WHAT’S THE RIGHT BOARD MEETING PROTOCOL WHEN MAKING A MOTION? - LBPM

WHAT’S THE RIGHT BOARD MEETING PROTOCOL WHEN MAKING A MOTION?

WHAT’S THE RIGHT BOARD MEETING PROTOCOL WHEN MAKING A MOTION?

Robert’s Rules of Order were written by Civil War veteran General Henry Robert and first published in 1876. He prepared rules of conduct for meetings to establish an orderly manner for everyone to be heard and make decisions. Robert’s Rules have been widely adopted by private organizations throughout the world and is the procedure of choice for homeowner association meetings.

Board & Committee Meetings. Although there is no requirement that board and committee meetings be conducted under Robert’s Rules or any other system of parliamentary procedure, many Boards find it helpful. Boards are free to use more flexible procedures, unless the association’s governing documents require otherwise.

The steps:

Motion. Motions are proposals for action by the board and can only be made by directors. Motions have a variety of objectives, and each motion has characteristics that make it unique. Directors, including the president, may make a motion by saying, “I move…” or “I make a motion…”, and then stating the motion. Motions should always be specific.

Second. Most motions require a second. A second does not mean the person agrees with the motion, but that he/she believes the motion is worthy of consideration. A director can make a second simply by saying “Second” after a motion is made.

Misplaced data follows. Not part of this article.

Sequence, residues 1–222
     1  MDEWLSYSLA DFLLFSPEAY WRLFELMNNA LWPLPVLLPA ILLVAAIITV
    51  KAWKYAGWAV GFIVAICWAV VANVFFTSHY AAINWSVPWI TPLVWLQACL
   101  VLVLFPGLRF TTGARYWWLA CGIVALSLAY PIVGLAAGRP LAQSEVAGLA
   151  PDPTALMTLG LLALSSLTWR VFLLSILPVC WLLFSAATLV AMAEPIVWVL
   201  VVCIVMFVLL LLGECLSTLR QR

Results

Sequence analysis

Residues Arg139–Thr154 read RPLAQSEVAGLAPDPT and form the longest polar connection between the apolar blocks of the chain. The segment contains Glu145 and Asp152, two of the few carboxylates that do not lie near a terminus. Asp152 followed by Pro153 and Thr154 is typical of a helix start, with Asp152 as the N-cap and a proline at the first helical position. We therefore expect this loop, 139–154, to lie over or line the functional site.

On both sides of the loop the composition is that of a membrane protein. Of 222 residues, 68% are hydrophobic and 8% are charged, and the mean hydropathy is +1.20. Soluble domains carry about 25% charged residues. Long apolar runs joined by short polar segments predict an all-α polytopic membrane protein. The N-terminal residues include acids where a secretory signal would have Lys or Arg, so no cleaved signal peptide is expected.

Discussion. The motion is then discussed by members of the board, after which the motion is put to a vote. Homeowners in the audience do not have a right to participate in the discussion. However, the board can, if it chooses, invite comments from owners.

Vote. A voice vote is the most common type of voting. The chair of the meeting (usually the president) will ask those in favor of a motion to say “aye” and those opposed to say “nay” (directors can answer “yes” or “no”). Or, the chair can ask for a show of hands. He/she then announces the result of the vote. NOTE, if the meeting is conducted by teleconference, votes must be taken by “roll call.” It means each director is called by name and his/her vote is recorded individually.

How to Record Motions in the Minutes. There is no requirement the name of the person making the motion and the one seconding the motion be recorded in the minutes. While some associations do, many associations simply state that a motion was made and seconded. Both practices are acceptable. Even though boards of directors are not required to use parliamentary procedures for their meetings, Robert’s Rules of Order serve as a useful guideline for taking minutes. Since boards are not required to follow any particular rules of parliamentary procedure, many simply record that a motion passed or failed. If directors want to be on record that they voted for or against a particular motion, they must speak up at the time the vote is taken and ask that their vote be recorded by name. Following is an example of a motion recorded in the minutes:

Example: Motion by John Smith seconded by Tim Jones to approve a painting contract with ABC Paint Company to paint the exterior of the clubhouse for $10,000 using specifications prepared by Dunn-Edwards Paints. Payment to be made from the Association’s reserve account. Motion passed 4-1 with Jane McCarthy voting no.